On a June day some years later, Seth and Dinah, with Dinah’s two children, are waiting for Adam to come home. Arthur, now a colonel, has returned from the wars weakened by a fever, and Adam has gone to see him. Dinah expresses her sympathy for Arthur, and for Hetty, who died just as her term of exile ended. Adam appears, looking rather drawn. He has found Arthur changed in some ways. Arthur’s past offenses have been forgiven, and though he will never forget, he is ready to resume the role of Squire when he recovers his health. Mr. and Mrs. Poyser are seen entering the yard, and the novel closes on a note of domestic serenity.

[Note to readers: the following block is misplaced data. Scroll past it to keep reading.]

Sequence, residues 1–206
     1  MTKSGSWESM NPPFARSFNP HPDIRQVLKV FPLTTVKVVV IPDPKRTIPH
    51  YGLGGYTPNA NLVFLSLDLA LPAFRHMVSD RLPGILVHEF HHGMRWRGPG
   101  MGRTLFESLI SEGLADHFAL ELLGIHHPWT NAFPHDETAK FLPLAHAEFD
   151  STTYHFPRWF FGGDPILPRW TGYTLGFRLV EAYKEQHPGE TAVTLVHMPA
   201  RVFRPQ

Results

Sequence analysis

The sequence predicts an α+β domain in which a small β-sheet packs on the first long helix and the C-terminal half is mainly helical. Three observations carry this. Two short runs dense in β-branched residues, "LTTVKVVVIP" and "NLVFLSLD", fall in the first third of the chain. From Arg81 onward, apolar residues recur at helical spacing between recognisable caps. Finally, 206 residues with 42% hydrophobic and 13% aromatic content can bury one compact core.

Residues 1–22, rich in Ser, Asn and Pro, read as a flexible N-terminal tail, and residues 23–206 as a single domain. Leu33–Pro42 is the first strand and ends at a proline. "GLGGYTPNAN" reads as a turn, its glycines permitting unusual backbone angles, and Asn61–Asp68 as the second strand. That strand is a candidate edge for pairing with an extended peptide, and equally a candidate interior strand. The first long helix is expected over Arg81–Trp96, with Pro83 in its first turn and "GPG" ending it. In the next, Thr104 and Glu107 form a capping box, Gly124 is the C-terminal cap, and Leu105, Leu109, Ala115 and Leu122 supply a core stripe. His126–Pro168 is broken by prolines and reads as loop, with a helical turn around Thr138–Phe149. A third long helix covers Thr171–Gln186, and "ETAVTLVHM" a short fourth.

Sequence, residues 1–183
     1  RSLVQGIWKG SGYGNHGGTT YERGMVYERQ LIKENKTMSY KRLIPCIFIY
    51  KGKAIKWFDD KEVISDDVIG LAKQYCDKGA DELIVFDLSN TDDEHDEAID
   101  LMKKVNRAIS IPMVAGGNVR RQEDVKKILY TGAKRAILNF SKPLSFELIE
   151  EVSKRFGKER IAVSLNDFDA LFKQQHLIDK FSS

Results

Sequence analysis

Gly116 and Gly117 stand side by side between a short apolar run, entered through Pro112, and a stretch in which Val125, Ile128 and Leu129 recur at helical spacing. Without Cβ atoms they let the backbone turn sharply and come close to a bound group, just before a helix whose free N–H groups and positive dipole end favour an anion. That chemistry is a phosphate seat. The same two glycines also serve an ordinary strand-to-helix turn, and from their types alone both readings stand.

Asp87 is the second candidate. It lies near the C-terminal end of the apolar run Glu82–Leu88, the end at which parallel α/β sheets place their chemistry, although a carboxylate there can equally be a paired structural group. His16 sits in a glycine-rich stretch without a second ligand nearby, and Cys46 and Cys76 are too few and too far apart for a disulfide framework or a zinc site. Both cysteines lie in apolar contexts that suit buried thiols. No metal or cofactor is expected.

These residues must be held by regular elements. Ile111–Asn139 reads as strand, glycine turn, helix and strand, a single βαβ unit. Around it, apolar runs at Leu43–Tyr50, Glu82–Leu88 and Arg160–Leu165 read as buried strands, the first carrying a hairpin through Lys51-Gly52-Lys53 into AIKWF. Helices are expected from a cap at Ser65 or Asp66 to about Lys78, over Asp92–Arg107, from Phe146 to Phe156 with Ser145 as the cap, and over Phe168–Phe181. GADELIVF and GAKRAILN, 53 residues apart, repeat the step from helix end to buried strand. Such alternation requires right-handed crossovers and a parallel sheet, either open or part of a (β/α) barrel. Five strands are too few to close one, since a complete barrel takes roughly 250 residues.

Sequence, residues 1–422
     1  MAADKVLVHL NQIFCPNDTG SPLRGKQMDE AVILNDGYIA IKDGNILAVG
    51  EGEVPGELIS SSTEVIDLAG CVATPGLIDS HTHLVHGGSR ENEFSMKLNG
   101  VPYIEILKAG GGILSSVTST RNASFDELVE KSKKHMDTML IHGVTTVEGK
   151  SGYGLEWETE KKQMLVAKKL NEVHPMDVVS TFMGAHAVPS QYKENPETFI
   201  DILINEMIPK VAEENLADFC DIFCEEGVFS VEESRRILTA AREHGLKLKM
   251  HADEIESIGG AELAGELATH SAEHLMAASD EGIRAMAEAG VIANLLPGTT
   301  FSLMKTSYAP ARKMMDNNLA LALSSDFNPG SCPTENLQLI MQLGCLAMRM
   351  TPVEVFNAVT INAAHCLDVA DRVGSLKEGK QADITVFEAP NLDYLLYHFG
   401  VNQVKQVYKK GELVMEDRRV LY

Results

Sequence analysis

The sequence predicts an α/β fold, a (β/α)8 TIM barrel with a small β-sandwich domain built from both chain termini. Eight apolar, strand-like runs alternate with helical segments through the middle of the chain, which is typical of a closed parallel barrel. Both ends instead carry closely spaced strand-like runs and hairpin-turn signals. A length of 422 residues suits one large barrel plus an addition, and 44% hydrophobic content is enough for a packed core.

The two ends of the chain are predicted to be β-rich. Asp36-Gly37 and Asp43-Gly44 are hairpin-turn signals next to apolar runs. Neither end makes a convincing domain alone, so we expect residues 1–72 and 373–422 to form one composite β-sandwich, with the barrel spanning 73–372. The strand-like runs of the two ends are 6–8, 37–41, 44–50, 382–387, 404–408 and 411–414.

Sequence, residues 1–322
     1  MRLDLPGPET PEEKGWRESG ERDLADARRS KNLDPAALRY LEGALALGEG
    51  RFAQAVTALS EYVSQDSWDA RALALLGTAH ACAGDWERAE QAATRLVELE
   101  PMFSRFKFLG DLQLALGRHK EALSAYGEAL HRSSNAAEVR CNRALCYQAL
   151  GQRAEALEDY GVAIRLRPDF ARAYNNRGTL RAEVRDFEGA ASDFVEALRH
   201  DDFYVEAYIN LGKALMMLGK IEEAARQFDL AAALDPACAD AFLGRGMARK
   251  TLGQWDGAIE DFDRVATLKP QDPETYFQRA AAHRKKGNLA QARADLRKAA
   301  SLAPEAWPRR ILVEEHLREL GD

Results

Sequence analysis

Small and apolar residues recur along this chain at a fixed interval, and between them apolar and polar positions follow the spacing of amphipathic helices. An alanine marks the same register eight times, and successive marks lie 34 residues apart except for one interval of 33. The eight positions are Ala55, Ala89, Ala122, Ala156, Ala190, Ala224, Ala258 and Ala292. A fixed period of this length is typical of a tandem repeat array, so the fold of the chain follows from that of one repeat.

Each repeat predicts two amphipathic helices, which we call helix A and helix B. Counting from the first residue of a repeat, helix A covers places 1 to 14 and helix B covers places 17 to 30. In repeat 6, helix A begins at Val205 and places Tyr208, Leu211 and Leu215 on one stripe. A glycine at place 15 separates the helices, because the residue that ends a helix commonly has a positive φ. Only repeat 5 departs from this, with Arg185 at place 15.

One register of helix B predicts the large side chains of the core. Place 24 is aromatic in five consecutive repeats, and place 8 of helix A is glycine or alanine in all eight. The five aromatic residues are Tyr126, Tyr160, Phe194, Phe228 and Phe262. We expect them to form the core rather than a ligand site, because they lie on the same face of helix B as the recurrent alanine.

The four chief characters of the novel come together, at least through references, in the epilogue. Adam and Dinah are happy together. Arthur, having made his symbolic penance, is ready to take up a realistic and benevolent life. Hetty is dead; unlike Arthur, she has not been given a second chance. Hetty’s death is functionally necessary; it places the final bit of emphasis on the moral of the novel, the expression of which Eliot gives to the other sinner, Arthur: “There’s a sort of wrong that can never be made up for.” With this sober warning ringing in the reader’s ears, the novel ends on a peaceful, but chastened, note.